Most violins made by the master luthier of Cremona are named for their former players and owners. But this mint condition violin is named for anticipation.
Of the 650 remaining Stradivarius instruments in existence – fine violins, of course, but also fine violas, cellos, guitars, and harps – only one remains in close condition to how it left the hands of its master violinmaker, Antonio Stradivari. It is the 1716 “Messiah” Stradivarius, carrying a name that began as a joke and that has endured for a century and a half.
In other words, the name does not derive from having been played by someone named Messiah; names such as the “Lady Blunt”, “ex-Huberman”, “Duport” Stradivarius, and “The Mendelssohn” are far more likely, indicating an interesting and exciting history of performance and provenance. Nor does the Messiah Strad have any direct relationship with Handel’s “Messiah,” although one imagines many stringed instruments from the Cremonese master have soared with the voices in the Hallelujah chorus.
Instead, the name is said to have come from an offhand comment in a conversation between the French luthier and dealer, Jean Baptiste Vuillaume, and violinist Jean-Delphin Alard, son-in-law to Vuillaume. Tarisio owned the instrument at the time and described it to the other gentleman in glowing terms and on several occasions yet did not show it to them.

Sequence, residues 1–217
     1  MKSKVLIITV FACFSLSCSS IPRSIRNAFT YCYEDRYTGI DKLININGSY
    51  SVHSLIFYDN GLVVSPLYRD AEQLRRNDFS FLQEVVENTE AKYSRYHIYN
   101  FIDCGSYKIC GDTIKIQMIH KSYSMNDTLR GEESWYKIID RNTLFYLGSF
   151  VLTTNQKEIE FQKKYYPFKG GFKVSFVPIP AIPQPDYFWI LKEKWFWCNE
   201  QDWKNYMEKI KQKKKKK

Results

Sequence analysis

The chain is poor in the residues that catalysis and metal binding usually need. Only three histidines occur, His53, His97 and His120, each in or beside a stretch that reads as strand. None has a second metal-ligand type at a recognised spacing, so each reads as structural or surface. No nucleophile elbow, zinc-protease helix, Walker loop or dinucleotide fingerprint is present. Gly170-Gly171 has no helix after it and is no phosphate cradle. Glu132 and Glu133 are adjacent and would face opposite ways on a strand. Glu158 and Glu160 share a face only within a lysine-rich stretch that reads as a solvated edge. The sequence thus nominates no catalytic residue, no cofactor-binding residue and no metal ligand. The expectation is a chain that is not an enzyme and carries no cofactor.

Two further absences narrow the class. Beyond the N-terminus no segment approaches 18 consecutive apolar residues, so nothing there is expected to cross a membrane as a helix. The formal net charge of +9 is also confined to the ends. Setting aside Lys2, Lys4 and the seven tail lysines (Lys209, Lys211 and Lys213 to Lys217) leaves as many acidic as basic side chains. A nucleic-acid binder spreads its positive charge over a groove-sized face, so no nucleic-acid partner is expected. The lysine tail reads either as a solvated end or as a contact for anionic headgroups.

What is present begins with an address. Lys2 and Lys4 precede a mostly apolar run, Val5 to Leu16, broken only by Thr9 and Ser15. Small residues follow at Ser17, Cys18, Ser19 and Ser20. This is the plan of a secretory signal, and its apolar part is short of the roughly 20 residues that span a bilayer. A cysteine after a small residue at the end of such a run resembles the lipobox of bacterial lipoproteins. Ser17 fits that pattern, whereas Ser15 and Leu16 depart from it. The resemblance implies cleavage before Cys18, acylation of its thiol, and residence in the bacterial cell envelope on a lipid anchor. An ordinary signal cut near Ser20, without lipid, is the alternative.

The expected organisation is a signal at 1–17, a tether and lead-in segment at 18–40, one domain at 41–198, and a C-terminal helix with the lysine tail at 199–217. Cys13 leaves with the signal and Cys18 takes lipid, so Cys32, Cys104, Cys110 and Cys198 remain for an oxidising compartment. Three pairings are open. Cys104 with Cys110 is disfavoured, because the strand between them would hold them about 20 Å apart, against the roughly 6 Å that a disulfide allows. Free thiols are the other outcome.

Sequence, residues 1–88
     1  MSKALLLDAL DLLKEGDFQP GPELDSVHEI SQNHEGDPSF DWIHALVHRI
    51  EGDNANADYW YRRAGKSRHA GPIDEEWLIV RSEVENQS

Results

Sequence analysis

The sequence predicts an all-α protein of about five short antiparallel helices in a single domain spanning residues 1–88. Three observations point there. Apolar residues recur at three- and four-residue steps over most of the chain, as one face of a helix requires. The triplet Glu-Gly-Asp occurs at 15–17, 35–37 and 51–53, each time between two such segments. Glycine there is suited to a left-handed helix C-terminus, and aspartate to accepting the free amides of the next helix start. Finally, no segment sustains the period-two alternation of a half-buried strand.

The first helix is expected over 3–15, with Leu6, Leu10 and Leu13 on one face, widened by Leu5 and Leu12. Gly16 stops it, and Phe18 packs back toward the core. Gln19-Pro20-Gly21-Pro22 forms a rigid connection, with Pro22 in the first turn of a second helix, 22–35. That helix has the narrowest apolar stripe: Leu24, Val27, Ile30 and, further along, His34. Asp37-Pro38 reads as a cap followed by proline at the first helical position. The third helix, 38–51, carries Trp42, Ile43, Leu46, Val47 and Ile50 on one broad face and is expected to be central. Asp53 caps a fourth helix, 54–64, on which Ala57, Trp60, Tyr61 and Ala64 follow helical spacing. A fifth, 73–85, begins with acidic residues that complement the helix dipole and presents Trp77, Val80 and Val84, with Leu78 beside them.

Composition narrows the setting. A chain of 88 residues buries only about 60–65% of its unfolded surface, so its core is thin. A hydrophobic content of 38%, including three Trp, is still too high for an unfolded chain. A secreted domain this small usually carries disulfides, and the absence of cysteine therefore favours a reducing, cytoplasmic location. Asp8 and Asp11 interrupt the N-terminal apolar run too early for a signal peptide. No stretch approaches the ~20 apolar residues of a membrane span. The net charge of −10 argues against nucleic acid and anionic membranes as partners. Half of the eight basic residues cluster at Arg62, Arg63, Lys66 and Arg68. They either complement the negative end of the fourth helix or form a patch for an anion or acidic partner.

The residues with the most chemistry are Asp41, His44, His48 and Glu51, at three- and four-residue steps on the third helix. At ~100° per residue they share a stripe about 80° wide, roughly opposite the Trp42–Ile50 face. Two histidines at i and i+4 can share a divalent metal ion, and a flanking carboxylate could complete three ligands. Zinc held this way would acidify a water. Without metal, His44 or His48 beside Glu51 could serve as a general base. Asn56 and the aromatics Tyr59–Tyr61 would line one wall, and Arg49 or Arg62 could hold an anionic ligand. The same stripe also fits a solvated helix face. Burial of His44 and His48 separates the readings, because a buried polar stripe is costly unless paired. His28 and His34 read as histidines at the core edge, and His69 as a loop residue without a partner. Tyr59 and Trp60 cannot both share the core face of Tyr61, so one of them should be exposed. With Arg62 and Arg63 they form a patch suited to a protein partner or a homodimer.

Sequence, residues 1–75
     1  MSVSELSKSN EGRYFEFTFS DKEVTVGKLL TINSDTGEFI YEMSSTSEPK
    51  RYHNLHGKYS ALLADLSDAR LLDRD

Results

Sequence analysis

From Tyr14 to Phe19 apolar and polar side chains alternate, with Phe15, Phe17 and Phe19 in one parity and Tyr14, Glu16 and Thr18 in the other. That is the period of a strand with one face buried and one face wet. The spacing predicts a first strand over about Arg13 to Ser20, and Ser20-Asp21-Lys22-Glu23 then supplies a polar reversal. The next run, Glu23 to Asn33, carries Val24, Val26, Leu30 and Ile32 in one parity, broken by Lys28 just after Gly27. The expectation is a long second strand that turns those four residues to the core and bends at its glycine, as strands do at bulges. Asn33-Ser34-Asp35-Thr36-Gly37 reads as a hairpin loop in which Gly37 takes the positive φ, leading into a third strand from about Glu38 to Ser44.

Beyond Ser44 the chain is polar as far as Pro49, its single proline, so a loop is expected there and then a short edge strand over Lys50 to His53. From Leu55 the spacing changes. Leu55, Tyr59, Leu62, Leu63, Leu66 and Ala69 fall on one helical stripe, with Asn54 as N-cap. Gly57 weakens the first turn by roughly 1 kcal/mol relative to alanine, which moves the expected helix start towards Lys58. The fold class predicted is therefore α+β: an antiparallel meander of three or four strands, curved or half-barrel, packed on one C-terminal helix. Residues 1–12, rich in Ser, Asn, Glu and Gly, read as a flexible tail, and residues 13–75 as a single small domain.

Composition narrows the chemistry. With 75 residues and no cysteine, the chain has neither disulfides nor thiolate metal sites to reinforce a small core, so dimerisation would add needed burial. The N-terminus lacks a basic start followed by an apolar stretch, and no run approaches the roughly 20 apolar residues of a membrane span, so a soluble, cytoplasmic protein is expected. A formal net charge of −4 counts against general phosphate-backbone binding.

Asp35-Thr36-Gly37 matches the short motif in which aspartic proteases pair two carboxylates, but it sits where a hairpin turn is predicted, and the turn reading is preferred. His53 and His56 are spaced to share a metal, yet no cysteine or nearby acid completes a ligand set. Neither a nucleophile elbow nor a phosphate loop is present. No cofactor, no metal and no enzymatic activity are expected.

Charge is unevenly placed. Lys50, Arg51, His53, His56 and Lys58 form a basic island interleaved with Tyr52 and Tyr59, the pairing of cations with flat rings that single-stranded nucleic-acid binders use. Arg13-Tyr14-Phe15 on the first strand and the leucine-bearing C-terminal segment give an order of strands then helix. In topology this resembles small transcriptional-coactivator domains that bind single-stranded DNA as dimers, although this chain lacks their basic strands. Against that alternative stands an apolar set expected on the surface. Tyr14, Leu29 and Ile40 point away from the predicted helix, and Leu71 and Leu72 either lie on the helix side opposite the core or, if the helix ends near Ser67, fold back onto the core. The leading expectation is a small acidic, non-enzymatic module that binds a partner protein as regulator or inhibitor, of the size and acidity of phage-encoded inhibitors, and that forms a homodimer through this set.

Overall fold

Alard might be described in the moment as insolent. He said to Italian instrument trader, “Really, Mister Tarisio, your violin is like the Messiah of the Jews: one always expects him, but he never appears.”
There was some truth to this in that it was, even then, more a possession or investment than an instrument that was played and performed on. As such, it is considered to be in “as new” condition, with the instrument’s varnish left in its original condition, no sweat or friction from a section violinist, concertmaster or soloist to dull its shine.
It should be noted the instrument was played here and there. Originally, it was known as the “Salabue” Strad, owned by a Count Cozio di Salabue in 1775, who purchased it from Stradivari’s son Paolo, almost 40 years after the luthier’s death. Luigi Tarisio, a violin dealer and collector, bought it next. Neither of these were players of note. In the late 19th century, Joseph Joachim played the instrument, and later Nathan Milstein at least played it in a London shop of W.E. Hill, commenting that it was “an unforgettable experience.” The Hill family left it to the Ashmolean Museum in Oxford in a bequest, where it remains and is regarded as a “pure Stradivarius,” one that can inform the repairs of other Strads.
When Vuillaume owned it – the Messiah came after all – he added different tuning pegs and a tailpiece, which also has a carving of the Nativity in it. Perhaps this carving is what truly ensconced the name, and joke, for all time.
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